Figure 4
figure 4

Evolution of laser-induced processes in type II void-generation conditions over the entire relaxation cycle. (a) Multiscale time-resolved sequence of PCM images corresponding to the appearance of a void-like structure (light colors) induced by a single laser pulse. The evolution is monitored for a time domain ranging from 1 ns to 10 μs, with imaging delays given on the side. Input laser pulse parameters: 17 μJ and 5 ps. The laser pulse comes from the left. Scale bars are given for the relative index change, indicating the modification sign. (b) Orthogonal views corresponding to the zone marked on the figure. For each time delay, regions of interest were selected and concatenated together to give a complete temporal perspective of each specific region. Transient modifications are indicated. A logarithmic timescale is used. The inset indicates early stages of plasma formation extracted from the PCM data in Ref.23 corresponding to the selected domain in (a). (c,d) Multiscale dynamics similar to (a,b) but in tight focusing conditions. (c) Time-resolved sequence of PCM images corresponding to the appearance of a void-like structure (light colors) induced by a single laser pulse. (d) Orthogonal views corresponding to the zone marked on the figure. The different domains were cropped and concatenated to give a time perspective on a logarithmic scale. Input laser pulse parameters: 2 μJ and 50 fs. The inset indicates early stages of plasma formation extracted from the OTM ultrafast dynamics data for the selected region in (c). The measurement is similar to the data reported in Ref.13.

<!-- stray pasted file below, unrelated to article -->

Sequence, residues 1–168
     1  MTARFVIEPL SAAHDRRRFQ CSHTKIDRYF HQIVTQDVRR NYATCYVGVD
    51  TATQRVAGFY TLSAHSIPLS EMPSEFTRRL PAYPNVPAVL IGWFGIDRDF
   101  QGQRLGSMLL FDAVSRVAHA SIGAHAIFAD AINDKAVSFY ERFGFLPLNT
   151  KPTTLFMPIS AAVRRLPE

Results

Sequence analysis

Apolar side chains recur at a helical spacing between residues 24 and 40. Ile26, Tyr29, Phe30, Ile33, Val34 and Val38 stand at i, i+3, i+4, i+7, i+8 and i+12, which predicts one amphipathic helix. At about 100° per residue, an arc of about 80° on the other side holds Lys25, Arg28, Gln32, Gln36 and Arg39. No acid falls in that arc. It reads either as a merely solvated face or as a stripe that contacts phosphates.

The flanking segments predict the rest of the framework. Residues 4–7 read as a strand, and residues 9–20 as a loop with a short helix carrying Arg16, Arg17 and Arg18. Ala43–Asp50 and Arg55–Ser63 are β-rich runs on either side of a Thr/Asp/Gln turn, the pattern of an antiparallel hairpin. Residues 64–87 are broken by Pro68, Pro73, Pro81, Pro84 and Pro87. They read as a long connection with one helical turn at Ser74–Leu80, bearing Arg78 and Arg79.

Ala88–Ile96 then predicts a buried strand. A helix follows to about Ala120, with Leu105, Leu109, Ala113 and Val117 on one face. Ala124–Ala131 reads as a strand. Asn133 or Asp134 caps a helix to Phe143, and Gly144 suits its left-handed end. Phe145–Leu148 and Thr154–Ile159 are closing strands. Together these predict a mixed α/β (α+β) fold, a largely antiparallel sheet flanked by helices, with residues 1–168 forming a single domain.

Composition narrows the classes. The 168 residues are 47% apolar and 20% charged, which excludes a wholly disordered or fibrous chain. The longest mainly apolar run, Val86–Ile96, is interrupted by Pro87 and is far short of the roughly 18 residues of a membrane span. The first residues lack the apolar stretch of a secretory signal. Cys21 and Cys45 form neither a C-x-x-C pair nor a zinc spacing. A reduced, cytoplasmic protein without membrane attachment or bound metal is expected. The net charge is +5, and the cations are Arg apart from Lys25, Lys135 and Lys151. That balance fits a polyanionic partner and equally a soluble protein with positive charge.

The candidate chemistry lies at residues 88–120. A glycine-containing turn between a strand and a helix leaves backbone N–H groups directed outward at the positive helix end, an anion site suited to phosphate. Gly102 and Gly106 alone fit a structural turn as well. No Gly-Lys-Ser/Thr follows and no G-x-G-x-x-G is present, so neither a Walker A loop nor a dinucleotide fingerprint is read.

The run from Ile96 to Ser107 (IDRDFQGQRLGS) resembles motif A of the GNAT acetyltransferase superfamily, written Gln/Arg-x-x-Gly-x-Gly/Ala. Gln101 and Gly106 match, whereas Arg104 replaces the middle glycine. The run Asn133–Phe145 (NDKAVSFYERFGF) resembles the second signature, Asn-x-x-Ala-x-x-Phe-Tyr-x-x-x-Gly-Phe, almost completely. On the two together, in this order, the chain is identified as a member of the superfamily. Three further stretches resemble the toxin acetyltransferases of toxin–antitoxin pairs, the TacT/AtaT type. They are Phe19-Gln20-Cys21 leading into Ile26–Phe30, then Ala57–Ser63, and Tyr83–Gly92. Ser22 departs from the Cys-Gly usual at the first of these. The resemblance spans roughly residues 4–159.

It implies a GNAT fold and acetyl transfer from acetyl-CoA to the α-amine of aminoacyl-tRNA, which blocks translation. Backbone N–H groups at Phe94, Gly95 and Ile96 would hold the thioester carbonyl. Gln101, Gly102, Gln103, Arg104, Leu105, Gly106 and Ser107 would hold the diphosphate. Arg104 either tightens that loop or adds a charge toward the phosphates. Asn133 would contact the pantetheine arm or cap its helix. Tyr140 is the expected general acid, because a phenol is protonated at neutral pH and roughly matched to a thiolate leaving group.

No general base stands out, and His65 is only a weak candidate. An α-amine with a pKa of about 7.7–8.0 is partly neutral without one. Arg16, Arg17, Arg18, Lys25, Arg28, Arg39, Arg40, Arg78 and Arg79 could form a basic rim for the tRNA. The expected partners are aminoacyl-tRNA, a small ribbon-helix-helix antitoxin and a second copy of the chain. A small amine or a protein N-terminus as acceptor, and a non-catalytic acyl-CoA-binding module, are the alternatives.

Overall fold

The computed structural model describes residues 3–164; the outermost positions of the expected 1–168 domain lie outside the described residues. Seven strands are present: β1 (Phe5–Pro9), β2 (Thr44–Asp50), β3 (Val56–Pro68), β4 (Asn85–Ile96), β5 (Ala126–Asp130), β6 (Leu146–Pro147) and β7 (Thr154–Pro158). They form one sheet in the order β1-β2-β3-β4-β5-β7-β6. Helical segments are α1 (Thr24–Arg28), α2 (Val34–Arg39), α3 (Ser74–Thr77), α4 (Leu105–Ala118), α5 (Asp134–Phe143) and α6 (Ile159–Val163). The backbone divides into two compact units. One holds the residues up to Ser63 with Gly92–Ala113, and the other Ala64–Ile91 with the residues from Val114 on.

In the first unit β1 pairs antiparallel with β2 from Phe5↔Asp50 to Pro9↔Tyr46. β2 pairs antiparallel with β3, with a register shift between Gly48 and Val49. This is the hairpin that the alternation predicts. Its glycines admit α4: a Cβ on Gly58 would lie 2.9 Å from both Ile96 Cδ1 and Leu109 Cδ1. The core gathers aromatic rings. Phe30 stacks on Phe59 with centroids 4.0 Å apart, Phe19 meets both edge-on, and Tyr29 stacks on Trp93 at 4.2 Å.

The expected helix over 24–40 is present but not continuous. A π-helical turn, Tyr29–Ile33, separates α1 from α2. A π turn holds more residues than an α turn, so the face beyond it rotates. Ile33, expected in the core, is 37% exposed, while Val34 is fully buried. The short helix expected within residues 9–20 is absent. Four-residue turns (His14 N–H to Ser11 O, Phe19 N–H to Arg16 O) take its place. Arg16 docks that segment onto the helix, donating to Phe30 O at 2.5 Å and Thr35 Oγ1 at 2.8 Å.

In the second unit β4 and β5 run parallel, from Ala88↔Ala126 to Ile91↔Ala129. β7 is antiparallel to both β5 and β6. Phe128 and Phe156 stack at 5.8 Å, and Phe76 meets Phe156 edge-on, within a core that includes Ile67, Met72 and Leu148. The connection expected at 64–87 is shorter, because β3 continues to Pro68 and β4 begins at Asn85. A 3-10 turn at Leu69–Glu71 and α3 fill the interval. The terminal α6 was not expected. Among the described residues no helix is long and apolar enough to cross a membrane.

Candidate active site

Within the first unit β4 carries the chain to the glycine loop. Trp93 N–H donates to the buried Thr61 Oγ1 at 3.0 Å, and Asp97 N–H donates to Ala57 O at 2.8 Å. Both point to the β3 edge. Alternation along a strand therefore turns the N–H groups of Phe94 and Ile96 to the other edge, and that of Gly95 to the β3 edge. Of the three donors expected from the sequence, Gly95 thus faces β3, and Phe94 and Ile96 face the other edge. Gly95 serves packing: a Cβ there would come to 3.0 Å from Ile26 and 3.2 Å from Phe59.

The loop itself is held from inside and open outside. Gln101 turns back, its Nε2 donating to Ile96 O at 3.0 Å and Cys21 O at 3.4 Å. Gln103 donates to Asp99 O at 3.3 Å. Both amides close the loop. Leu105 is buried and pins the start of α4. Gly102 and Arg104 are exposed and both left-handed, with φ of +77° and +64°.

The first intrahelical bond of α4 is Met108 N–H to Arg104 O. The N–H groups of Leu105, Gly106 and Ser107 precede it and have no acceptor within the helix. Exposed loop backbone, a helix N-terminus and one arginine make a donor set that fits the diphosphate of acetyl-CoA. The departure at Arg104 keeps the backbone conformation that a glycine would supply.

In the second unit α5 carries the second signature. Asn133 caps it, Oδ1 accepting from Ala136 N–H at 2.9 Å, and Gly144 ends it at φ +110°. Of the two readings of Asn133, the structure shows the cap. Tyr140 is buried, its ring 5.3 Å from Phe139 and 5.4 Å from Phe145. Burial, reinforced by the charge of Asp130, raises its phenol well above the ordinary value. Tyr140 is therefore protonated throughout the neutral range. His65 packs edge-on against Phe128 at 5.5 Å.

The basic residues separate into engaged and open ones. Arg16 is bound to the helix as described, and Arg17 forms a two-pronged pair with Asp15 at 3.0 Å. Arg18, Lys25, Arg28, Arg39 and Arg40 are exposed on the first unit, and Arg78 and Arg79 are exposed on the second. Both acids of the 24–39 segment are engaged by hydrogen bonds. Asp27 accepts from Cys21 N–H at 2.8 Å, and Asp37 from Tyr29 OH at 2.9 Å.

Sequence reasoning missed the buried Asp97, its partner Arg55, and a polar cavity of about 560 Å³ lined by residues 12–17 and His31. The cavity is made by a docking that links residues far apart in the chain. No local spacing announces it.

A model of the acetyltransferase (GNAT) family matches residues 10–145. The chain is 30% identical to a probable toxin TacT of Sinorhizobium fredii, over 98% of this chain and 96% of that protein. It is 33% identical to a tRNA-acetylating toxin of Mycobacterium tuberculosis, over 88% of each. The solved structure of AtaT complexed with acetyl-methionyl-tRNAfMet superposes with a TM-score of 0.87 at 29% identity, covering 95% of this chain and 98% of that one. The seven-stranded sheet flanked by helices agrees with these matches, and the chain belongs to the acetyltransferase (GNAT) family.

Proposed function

Multiscale phase imaging of thermomechanical evolution